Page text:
I’d been depressed for weeks, slumping in and out of a reality that was forced upon me, that I didn’t want to face. So when I woke up one morning and decided I was going to take a trip to Mexico City, I thought maybe the depression was coming to an end. I had enough life force in me to make a decision; to participate again. I bought a ticket that same day for a week later and called my friend Micho to tell him I was coming and could I crash with him?
I met Micho in Washington DC several years ago and we’d become fast friends—who occasionally slept in the same bed and made out. He called me a Persian princess and always marveled at the shape of my eyes; I called him Micho, a nickname his grandmother had given him, which was short for “mi chorizo,” my little sausage. I hadn’t seen him in 4 years and was curious as to how our affection for each other would manifest during this trip. I was the fattest I’d been in years and looked fairly downtrodden—depression has a way of morphing not only your brain but your body. I would look in the mirror and wonder who that porker with the heavy bags under her eyes was because it surely wasn’t me. I was embarrassed to see Micho in this state, but I felt exhilarated to be in a new city. It felt like it would be the catalyst to turning my life around.
I arrived in Mexico City one week later. As the plane descended, I saw Mexico City, Distrito Federal, DF, sprawled out in front of me, a cluster of tall buildings in the center surrounded by colorful, dusty structures spreading out as far as I could see. The city was aglow, the sun filtering through the light clouds; a not unpleasant haze seemed to cover the city. A warmth bloomed inside of me; a stark contrast to the frigid, gloomy Chicago winter I’d run away from. I like it here, I thought before we even touched down on the tarmac.
I took a cab to Micho’s apartment in the Roma neighborhood and his doorman let me into his apartment; he was still at work, even though it was 7 pm. When are you coming, I texted him. He responded that his assistant Carlos was coming to collect me and spend time with me until he could get away, around 9. I spotted a bottle of tequila on the kitchen table. No shot glasses, so I found a mug and poured myself a healthy dose. When in Roma, I thought, and smiled, which surprised me. I downed the tequila and poured another and waited for the knock on the door.
Carlos looked young but I immediately liked him. He was warm and Micho had told him I was a writer, so he was excited to talk to me about books and practice his English, which was very good. I wonder if I can make out with him, I thought, then shook the thought out of my head. Was this going to be that kind of trip? No. I was here for a reason, for mental intervention, for a jolt outside of myself that would bring me back to life. We headed out to see the city.
Roma was hip, that wasn’t hard to see. It reminded me of the hipster neighborhoods in Chicago, with trendy bars and tattooed patrons, bookstores and pricey restaurants. Carlos and I walked swiftly to a bar he liked, where we ordered beers and mezcal, which came with a side of lemon slices dusted with cayenne pepper. I took a shot of the liquor and it coursed from my throat to my belly and then out to my extremities. What is this, I thought, that can wake me up in one ounce? Drink up, said Carlos, so I did. And then we went off to La Reforma, one of the main arteries that ran through Mexico City.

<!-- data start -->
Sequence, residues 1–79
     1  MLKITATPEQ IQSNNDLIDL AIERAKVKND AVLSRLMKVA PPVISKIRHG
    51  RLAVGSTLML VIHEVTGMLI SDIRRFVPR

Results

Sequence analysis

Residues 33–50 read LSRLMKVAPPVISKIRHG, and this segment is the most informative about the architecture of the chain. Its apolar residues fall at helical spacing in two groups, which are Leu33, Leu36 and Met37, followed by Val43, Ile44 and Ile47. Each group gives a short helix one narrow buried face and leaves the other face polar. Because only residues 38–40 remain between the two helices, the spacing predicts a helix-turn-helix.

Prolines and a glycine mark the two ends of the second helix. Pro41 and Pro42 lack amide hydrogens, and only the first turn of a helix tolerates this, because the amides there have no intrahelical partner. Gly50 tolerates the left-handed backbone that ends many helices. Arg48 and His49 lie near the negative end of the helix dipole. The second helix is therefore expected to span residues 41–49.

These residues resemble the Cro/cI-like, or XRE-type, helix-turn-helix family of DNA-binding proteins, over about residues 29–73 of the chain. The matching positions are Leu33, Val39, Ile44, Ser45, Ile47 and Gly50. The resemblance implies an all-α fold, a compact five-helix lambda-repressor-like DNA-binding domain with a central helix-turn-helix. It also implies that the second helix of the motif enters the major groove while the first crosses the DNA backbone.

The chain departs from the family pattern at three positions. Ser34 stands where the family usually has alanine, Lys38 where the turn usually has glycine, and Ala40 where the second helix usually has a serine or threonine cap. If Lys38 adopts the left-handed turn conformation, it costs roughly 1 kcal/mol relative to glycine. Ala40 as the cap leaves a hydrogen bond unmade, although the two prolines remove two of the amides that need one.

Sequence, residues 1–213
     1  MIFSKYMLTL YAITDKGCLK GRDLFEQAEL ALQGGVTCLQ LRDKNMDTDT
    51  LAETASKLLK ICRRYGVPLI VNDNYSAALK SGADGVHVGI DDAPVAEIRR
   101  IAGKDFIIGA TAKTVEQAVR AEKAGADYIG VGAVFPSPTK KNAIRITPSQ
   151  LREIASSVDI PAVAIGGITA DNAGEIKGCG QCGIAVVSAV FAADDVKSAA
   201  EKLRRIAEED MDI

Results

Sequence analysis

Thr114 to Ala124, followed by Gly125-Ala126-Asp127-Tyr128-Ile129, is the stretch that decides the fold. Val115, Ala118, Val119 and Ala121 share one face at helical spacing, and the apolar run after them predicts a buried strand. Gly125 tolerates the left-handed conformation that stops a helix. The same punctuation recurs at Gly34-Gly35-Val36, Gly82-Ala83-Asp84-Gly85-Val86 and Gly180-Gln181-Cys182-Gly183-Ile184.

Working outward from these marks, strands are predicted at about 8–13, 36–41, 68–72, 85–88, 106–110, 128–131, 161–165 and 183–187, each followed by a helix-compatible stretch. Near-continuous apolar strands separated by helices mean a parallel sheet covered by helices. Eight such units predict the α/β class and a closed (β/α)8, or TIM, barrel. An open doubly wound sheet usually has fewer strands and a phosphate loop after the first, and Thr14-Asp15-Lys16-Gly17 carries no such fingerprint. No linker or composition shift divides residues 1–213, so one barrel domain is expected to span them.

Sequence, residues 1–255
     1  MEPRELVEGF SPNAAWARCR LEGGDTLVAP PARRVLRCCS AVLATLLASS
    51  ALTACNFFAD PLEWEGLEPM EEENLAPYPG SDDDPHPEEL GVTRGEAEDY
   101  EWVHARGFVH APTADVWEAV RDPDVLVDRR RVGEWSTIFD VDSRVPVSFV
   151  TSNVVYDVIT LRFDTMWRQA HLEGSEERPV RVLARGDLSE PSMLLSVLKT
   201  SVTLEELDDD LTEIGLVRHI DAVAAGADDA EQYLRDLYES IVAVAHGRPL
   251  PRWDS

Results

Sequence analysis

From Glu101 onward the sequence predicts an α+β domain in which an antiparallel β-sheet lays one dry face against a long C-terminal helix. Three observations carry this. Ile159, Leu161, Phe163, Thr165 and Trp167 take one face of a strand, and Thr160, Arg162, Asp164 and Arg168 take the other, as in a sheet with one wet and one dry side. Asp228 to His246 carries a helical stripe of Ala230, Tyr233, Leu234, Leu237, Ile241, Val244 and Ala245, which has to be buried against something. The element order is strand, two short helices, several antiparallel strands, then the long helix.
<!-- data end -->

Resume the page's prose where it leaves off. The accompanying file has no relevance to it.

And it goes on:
If you get into trouble, go here, said Carlitos, the diminutive and the vibration of the R rolling off my tongue as though we’d been friends forever. He pointed to a large building slightly up on a hill. The American Embassy. But I do need help, something inside me screamed. I smiled and said, ok. We continued to walk and finally found ourselves in front of El Angel, the angel statue overlooking La Reforma. Carlitos gave me a brief history, as he would do many times over the next few days. How do you know so much, I would end up asking him two days later. He would shrug it off, but it still blew me away. Where am I, I thought, as I looked at El Angel and felt the 65 degree air against my bare skin. Why am I here?
What is there to say about my Micho? He finally met up with us late in the night and the night grew ever later as we partied and collected more and more friends. It was all a blur and by sunrise he was somewhat of a mess, even more than I was. He was fiending, for what? For booze, for drugs, for girls. I felt a kinship to him, because I was fiending too, though for something entirely different, something opposite of what he seemed to want. But he was not happy, I could tell. Except when he was talking about his new hobby of mountain climbing. He’d travel to the nearby ranges outside of DF and climb these peaks and scrape up his hands and arms and legs and I could tell he felt at peace as he stood atop a summit. But those moments were rare, and he was spending his days drinking and partying. It was his 38th birthday and we spent almost my whole time there celebrating. At times it was fun, but much of the time I felt hollow and it seemed he did too.
He was seeing a girl named Michelle, an American. And she brought her menagerie of fairy friends with her to Micho’s party at a bar where I swear I spent most of my time while I was in Mexico. After a few drinks, I left, went back to his apartment and went to bed. This is no life for me anymore, I thought, as I fell asleep. Hours later, the door swung open and Micho pounced on me. “Get up!” he yelled, and I, concerned with how this silly American girl was being perceived, obliged. I put on shorts and went out into the dining room to see a gaggle of people from the bar, all glassy eyed. It was 4 am. Michelle was bouncing around the room in a long red skirt and crop top shirt. She wore a fedora and I hated her.